Chris Coleman quick to point out Wales are about more than just Gareth Bale

Real Madrid star’s injury causes concern in Wales but Roy Keane plays down significance

Wales manager Chris Coleman watches on during a training session at the Vale Resort, Hensol. Photo: David Davies/PA Wire

Wales manager Chris Coleman watches on during a training session at the Vale Resort, Hensol. Photo: David Davies/PA Wire

 

There was a certain amount of shock in Wales on Tuesday morning as news of Gareth Bale’s injury broke. The warning signs may have been there, it seems, in Chris Coleman’s speech at the FAW’s annual awards the night before but could also have been missed as the assembled crowd tried to take in how the Real Madrid star’s hopes of a fifth straight Player of the Year award had been thwarted by Reading defender Chris Gunter.

“This campaign we haven’t always had Balo, Rambo (Aaron Ramsey) or Joe Allen, ” said the manager who, as far as most people were aware at that point, was actually on course to have all three for this Friday’s game in Georgia and next week’s visit of Ireland. “They are obviously three super-special players but we haven’t always had them.”

Wales, as you might expect from their recent success, boast a pretty high win rate when the three are on top form but the numbers dip a bit when even Bale is indisposed. Figures for Gunter’s impact on the percentages are not to hand at the time of writing, possibly because nobody has seen any particular reason for totting them up.

Joking aside, the 28 year-old has done well for his country playing his part in their remarkable run at Euro 2016, but if every Welshman were fit and Roy Keane was outlining the scale of the difficulties that Chris Coleman’s side might be expected to cause Ireland, then it seems unlikely that the Reading right back would get much of a mention.

But Keane insisted that the absence of Bale would not do an awful lot to make Ireland’s target of a win in Cardiff next Monday any easier to achieve.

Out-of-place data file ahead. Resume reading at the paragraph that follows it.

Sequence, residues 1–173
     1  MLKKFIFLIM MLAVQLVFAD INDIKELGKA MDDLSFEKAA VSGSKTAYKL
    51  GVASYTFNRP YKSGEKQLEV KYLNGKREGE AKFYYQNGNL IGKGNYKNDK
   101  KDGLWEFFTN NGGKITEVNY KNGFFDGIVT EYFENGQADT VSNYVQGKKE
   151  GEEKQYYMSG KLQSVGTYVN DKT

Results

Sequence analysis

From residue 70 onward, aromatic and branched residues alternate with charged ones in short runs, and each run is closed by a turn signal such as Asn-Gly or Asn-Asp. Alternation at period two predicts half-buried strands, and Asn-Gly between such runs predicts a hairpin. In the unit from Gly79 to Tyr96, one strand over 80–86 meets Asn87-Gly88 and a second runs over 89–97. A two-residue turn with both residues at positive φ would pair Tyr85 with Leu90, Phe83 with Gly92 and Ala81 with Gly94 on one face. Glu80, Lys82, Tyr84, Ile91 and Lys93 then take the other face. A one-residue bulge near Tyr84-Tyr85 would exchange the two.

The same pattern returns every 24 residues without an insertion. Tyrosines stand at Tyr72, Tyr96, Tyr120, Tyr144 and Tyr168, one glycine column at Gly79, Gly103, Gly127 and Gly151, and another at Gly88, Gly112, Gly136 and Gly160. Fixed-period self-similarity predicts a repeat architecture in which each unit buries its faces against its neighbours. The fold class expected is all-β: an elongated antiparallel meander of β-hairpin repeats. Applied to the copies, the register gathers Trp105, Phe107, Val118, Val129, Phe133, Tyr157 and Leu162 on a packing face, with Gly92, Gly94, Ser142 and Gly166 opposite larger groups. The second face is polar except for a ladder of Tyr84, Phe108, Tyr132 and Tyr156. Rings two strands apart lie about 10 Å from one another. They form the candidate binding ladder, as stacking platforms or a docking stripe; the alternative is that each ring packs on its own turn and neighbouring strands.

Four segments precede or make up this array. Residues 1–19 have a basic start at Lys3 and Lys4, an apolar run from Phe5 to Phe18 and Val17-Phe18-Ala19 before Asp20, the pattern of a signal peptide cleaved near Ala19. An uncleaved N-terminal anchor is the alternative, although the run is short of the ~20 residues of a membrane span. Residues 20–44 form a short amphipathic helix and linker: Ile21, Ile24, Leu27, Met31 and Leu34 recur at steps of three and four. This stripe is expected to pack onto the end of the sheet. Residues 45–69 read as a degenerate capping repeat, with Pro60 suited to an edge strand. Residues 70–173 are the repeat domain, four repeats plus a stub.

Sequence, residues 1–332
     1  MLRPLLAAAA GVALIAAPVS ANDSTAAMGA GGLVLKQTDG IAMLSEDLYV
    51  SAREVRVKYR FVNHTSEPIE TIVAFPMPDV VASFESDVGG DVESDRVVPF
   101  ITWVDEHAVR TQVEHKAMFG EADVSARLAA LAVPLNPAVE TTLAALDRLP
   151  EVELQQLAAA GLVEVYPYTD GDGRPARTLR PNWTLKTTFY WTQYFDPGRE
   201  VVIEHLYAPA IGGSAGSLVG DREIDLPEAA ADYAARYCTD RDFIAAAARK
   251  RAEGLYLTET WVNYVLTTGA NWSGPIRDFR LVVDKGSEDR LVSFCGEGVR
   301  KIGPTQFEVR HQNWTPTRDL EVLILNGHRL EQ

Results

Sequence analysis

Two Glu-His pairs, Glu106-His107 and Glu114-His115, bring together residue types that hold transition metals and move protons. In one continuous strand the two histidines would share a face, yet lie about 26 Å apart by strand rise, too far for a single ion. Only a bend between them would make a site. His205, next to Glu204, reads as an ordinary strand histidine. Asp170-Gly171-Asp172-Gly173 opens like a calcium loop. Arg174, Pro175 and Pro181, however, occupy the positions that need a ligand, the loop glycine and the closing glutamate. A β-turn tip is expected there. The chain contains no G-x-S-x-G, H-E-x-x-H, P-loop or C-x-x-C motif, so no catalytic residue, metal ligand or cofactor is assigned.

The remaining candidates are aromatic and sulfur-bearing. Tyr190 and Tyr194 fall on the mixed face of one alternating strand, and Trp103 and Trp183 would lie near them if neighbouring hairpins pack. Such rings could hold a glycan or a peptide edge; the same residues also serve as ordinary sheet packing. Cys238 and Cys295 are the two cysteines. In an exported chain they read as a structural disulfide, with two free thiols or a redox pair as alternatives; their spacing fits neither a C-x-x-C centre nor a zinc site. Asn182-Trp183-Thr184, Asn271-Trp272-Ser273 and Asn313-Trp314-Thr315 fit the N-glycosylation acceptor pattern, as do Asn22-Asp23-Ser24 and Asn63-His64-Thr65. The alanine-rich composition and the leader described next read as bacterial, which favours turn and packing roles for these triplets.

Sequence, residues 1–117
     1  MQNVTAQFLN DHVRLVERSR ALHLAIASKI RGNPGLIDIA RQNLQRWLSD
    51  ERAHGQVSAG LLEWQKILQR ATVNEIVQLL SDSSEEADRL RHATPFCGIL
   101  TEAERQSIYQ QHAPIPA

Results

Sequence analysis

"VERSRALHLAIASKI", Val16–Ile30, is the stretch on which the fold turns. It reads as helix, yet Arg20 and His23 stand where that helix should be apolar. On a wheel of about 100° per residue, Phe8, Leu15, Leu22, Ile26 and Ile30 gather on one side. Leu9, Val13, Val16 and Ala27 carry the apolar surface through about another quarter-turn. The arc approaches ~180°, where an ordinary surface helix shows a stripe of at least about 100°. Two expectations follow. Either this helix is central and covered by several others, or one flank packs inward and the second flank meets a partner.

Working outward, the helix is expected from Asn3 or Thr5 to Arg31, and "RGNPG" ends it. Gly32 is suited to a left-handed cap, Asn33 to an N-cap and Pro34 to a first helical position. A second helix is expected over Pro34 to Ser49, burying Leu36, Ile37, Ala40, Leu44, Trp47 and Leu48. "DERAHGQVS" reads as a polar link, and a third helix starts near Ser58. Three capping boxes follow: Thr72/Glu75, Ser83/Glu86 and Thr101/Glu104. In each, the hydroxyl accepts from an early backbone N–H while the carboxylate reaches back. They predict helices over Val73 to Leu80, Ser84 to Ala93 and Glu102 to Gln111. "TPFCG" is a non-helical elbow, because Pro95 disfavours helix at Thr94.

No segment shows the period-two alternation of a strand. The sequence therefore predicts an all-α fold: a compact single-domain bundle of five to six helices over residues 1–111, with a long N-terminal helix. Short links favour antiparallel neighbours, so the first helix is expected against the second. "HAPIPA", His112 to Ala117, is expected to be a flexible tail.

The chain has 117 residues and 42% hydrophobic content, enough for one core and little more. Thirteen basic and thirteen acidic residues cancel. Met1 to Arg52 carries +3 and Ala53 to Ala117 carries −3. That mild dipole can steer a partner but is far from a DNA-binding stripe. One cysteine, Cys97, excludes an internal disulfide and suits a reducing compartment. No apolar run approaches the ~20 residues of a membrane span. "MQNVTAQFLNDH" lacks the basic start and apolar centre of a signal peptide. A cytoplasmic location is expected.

Ireland’s assistant manager initially insisted that he simply wanted to focus on the next game – “if you want to discuss the Wales game, you’re talking to the wrong guy” – but then suggested, when pressed on the matter, that the challenge next week will be just as great.

“I don’t think that it makes our job any easier to win our two games,” he said. “I still think that it’s tough for us to win. Wales have some decent players (and) I always think that if you (are saying that you) want players to be missing in public then you are being very disrespectful to other players.”

In any case, he said that Seámus Coleman is “as big a loss (to Ireland) as Bale is to Wales,” and that is before you get onto the matter of Jonathan Walters.

“I’m surprised that he is gone,” he said on Bale. “We knew that he had missed the weekend but I don’t sit at home praying that people get injured and miss games. We were asked about him the last day before we played Wales (in Dublin). It’s good for our players to play against the best players but it’s part of the game that you will be missing players and (the question is) how you deal with it.”

As it is, Ramsey and Allen are both likely to prove a handful for Ireland next week but Bale’s ability to drop deep, pick up possession then drive forward will be missed by a side that needs to win every bit as much as Ireland do. Then there are his goals.

“Listen, I wouldn’t mind having this conversation after Friday’s game,” said the Irishman.

“We know we’re not good enough just to turn up and think we can get loads of possession and win the game. We can’t be under-estimating anybody – I have said that before - and we certainly won’t be under-estimating Moldova.”

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